What doesn't change over time

Social Association VdK Germany e.V.

"Changing the clock does not change the time"

The time change is carried out by Prof. Dr. In contrast to other contemporaries, Karlheinz Geißler was relaxed. The 72-year-old time researcher, who wrote the book “Time is honey: About the clever use of time” with his son Jonas Geißler, doesn't wear a watch and rarely looks up what time it is. In an interview with the VdK newspaper, he advised a more flexible approach to appointments and appointments.

Time researcher Karlheinz Geißler advises: Be more relaxed about time and appointments. | © Pexels

VdK-Zeitung: Did you notice that I called on time?

Karlheinz Geissler: I know that, around half past ten. And now it's around half past ten. But punctuality to the minute is not important, except for a few moments in life. You could have called five minutes later.

If someone is late for you, is that not a problem?

Geissler: No. If you arrive five minutes late, you won't be late for me. I just have tolerances.

On the night of October 29th, the clock is put back one hour. At the end of March it will be advanced again by an hour. This is repeatedly criticized, also by politicians. What do you make of it?

Geissler: In contrast to the statistically recorded 74 percent of my fellow citizens who would prefer to abolish this event, I have nothing against the annually recurring ritual of changing the clock. It doesn't change the time, which is more important to me than the clock. I think there are more dramatic and more rewarding events to get upset and, if need be, to get outraged as needed.

But there are always reports of a higher number of accidents at the beginning of summer time.

Geissler: There are too. This is simply because people are not well rested because they have to get up earlier and are then less attentive and therefore cause traffic or work accidents. But the excitement is always short. Because it's not a serious problem either.

How could one prevent the accidents?

Geißler: By introducing flexitime. Many companies already have this. Companies don't want employees to come to work without sleep and then work ineffectively. It's unprofitable. You'd rather that the employees have had a good rest. That is a tough economic calculation.

Both sides benefit from flexitime, employees and employers - a win-win situation.

Geissler: Yes. Exactly. One of the few that exist in the companies.

But what advice do you give parents who have to get their children to school on time?
Geissler: Change the school. Parents have to change schools. That's terror. I was a teacher myself and I made it through that I didn't have to teach until ten o'clock. How is school supposed to prepare for life when there is flexitime in companies and not in school?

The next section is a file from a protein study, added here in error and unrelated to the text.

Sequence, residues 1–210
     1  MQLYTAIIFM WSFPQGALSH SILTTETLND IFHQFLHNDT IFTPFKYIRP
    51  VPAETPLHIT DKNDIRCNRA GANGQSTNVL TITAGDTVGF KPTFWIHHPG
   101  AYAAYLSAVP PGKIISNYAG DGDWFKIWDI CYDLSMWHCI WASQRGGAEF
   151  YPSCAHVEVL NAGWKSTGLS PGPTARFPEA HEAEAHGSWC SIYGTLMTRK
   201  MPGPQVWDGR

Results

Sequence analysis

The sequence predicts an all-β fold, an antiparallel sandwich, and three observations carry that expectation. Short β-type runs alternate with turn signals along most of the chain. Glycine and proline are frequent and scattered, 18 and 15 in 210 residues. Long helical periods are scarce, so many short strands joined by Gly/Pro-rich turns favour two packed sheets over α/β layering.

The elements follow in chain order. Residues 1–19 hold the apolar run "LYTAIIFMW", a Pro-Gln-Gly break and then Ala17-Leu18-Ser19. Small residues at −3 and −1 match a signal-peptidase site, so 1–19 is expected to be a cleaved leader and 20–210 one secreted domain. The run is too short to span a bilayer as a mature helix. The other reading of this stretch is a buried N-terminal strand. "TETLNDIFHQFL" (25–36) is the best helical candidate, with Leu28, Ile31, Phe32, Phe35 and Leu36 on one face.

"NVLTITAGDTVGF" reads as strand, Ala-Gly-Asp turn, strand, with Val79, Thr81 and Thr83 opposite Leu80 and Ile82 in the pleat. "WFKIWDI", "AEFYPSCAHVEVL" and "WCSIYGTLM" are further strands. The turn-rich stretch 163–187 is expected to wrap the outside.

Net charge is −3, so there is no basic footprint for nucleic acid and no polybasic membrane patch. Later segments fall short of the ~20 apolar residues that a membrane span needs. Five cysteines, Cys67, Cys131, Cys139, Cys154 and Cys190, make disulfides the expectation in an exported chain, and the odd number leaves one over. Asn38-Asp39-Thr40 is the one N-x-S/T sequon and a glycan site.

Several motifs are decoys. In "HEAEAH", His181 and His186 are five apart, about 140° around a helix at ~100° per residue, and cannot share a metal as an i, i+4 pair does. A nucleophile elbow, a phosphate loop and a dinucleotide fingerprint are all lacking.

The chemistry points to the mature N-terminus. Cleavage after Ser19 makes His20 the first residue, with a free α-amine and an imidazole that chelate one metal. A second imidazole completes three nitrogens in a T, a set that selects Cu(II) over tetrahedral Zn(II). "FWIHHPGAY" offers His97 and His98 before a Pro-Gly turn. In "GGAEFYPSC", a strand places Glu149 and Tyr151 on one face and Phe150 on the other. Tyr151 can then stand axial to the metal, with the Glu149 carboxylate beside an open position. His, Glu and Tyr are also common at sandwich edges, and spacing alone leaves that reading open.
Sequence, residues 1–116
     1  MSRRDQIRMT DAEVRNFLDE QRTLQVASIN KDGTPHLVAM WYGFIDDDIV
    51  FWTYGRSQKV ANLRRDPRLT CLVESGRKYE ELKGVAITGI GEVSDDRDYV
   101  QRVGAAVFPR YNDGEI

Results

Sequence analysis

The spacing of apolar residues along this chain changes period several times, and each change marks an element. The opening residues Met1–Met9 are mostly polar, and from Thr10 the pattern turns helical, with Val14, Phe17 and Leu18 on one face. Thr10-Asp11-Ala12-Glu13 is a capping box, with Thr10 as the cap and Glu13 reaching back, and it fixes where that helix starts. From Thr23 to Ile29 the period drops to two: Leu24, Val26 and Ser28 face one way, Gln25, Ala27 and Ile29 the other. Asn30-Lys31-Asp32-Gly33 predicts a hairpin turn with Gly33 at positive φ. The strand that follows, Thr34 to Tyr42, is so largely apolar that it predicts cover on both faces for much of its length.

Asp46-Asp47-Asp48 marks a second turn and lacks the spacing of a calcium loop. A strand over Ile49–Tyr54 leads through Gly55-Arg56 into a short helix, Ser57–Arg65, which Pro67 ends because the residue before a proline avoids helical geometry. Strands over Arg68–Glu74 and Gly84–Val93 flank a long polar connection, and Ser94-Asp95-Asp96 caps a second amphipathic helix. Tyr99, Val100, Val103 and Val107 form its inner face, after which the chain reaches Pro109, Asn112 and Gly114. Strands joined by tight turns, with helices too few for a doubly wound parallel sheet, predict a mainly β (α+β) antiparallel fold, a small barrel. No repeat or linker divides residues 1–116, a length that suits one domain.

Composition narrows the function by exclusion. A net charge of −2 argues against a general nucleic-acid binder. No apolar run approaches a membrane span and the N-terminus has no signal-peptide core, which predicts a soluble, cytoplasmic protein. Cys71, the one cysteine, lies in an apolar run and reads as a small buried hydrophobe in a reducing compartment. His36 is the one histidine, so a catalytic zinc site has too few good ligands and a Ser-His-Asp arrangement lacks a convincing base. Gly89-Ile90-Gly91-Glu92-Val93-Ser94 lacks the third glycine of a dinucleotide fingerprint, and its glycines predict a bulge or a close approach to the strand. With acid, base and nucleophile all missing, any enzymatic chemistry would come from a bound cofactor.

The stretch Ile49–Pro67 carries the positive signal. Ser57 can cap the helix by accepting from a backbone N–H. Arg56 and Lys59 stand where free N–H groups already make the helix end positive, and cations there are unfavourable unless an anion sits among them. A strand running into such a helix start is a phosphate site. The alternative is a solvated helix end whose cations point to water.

But that's not that easy. You have to adhere to the state guidelines. How did you get your children to school on time?

Geissler: Of course the children got up with the alarm clock, which I think is terrible. Why can't the children start between eight and nine o'clock? The first lesson is then organized in such a way that children come to the classroom every now and then. Students can ask questions to the teacher in the first lesson, homework can be discussed individually. You are of course not allowed to write a class test in the first lesson.

How can people who do not have flextime deal better with clock changes? Make fewer appointments?

Geissler: I only make one appointment a day anyway. That's enough. And I advise you not to organize a point in time, but rather a period of time. I always make appointments flexible.

Do you usually come too early?

Geissler: I have a tendency to come early. But I have no problem with waiting. I then look around, watch the people.

How long have you been living without a watch?

Geissler: I've lived my whole life without a watch. Well, I don't live without a watch, I just don't wear one and don't let the watch organize my time.

How can you make yourself independent of the clock?

Geissler: Live according to fixed procedures. I always do the same thing at certain times. I get up at about the same time every day, have breakfast, read the newspaper - it can sometimes take longer and sometimes shorter - depending on how interesting the reports are. Then I make myself an espresso and after that I go to the computer and work. The same procedure every day. I don't need any time for this.

It's enviable how you can live largely without a time.

Geissler: Well, for someone who wants to experience a lot, it's not a good life. I don't have an exciting life. But I never felt the need to have a lot of action either.

Is this attitude to life related to your polio?

Geissler: I can't accelerate because of the polio. I am forced to live slower. I can do without a lot in life. Others cannot, including one of my sons. These people have to pack a lot into their time.

But almost no one is exempt from this, neither a student nor a top manager.

Geissler: We live in a time in which money is earned through consolidation. That brings us prosperity, and everyone has to participate.

Except retirees and retirees. Or is it not?

Geissler: Germans tend to buy an alarm clock if they are flexible in terms of time so that they are not flexible. My tip: Throw away the alarm clock when you retire.

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KeywordsTime | Changeover | Handling | serenity